(Reuters) - Justin Rose used a blistering start to cruise to his second win of the PGA Tour season with a three-shot victory at the Fort Worth Invitational in Texas on Sunday.
The Englishman, who began the day with a four-stroke lead, fired six front-nine birdies en route to a six-under-par 64 at Colonial Country Club that left him one shot off the tournament record score of 21-under 259 set by Zach Johnson in 2010.
With the victory, Rose tied Nick Faldo for the most PGA Tour wins by an Englishman post-World War Two, with nine.
“I am delighted the way I played this week,” said Rose, who played the course for the first time in eight years. “I haven’t played this venue in a while but to win on a golf course like Colonial I couldn’t be more proud.”
Olympic champion Rose had a chance to equal Johnson’s record score but failed to convert his 23-foot par attempt at the last, where he carded his second bogey of the day.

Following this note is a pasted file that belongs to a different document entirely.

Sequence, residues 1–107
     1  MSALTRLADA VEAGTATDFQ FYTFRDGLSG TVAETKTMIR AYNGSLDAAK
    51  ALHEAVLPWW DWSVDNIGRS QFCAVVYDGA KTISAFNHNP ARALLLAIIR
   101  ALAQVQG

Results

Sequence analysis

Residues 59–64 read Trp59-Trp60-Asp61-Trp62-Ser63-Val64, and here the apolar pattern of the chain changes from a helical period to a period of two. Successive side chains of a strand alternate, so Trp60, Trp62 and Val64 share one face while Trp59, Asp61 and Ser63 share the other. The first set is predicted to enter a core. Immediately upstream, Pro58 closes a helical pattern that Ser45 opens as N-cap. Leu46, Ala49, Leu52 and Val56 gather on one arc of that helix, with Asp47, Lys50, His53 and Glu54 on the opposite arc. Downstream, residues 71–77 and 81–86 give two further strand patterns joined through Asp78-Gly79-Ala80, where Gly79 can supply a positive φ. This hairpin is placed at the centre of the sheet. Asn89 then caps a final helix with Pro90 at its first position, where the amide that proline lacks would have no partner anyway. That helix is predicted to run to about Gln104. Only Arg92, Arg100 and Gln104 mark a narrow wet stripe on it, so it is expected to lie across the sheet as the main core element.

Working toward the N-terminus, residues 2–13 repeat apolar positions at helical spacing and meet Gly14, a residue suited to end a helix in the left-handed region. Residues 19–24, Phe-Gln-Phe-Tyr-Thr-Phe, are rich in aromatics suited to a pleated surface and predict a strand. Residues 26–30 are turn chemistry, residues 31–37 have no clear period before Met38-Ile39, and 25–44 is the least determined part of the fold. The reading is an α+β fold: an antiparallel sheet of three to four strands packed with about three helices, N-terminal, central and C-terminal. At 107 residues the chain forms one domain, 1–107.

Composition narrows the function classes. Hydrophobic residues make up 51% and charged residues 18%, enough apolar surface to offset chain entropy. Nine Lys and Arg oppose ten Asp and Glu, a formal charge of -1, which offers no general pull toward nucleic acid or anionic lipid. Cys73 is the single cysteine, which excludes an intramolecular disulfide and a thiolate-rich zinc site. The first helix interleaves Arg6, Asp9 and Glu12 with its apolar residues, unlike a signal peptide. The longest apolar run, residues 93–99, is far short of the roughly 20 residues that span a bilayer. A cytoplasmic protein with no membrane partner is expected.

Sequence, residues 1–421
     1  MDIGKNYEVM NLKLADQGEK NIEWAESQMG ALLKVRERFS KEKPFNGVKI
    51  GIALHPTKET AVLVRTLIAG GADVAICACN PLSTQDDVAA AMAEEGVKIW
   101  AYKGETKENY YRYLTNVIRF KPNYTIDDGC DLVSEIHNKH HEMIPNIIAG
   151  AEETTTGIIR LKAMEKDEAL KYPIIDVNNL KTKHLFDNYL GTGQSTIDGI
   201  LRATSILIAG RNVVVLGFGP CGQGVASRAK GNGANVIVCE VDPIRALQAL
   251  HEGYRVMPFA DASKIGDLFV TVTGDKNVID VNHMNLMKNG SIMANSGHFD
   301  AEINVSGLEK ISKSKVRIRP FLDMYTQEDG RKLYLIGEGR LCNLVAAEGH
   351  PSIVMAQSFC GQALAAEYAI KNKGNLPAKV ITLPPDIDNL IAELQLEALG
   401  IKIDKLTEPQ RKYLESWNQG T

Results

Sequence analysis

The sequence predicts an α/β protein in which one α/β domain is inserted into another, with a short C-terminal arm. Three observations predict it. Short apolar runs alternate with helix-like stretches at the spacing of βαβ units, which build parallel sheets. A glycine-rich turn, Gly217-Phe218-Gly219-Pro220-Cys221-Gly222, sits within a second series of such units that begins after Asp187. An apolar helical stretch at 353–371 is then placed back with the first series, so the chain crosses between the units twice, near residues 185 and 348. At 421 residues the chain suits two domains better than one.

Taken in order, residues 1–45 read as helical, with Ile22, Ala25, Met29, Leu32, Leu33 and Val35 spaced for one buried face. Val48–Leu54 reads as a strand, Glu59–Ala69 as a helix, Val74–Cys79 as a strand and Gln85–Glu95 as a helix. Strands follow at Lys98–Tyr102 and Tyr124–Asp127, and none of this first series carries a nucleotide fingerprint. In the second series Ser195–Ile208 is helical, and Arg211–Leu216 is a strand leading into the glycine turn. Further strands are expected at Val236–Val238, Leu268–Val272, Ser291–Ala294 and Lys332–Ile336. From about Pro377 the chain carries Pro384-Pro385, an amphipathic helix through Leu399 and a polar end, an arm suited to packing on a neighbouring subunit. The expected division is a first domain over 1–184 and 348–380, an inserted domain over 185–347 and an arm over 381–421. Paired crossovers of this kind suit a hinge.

U.S. Open champion Brooks Koepka, who started the final round in a share of second place with Argentine Emiliano Grillo (64), finished alone in the runner-up spot after going one better than playing competitor Rose with a seven-under 63.
Grillo birdied two of the final three holes to finish in third place, four shots behind Rose while sizzling American Kevin Na finished a further two shots back in fourth place after he set a course record with a bogey-free, nine-under 61.
Rose, whose first win this season came at last October’s World Golf Championships-HSBC Champions in Shanghai, got off to a fast start with consecutive birdies to open his round before settling for a bogey at the par-four third where he failed to convert an 11-foot birdie putt.
But that did little to take the wind from the former U.S. Open champion’s sails as he birdied four of the final five holes on the front nine before adding another pair at the 11th and 15th holes.
Despite the solid outing, Rose said he still felt he had work to do before next month’s U.S. Open at Shinnecock Hills, where he will seek his second career major.
“This week was a big step in the right direction, taking the range game to the golf course,” said Rose. “There is always a little bit of a lag effect, you know you see your progress on the range long before you see it on the golf course.
“This week it came for me but there is still more work to be done.”
Reporting by Frank Pingue in Toronto; Editing by Clare Fallon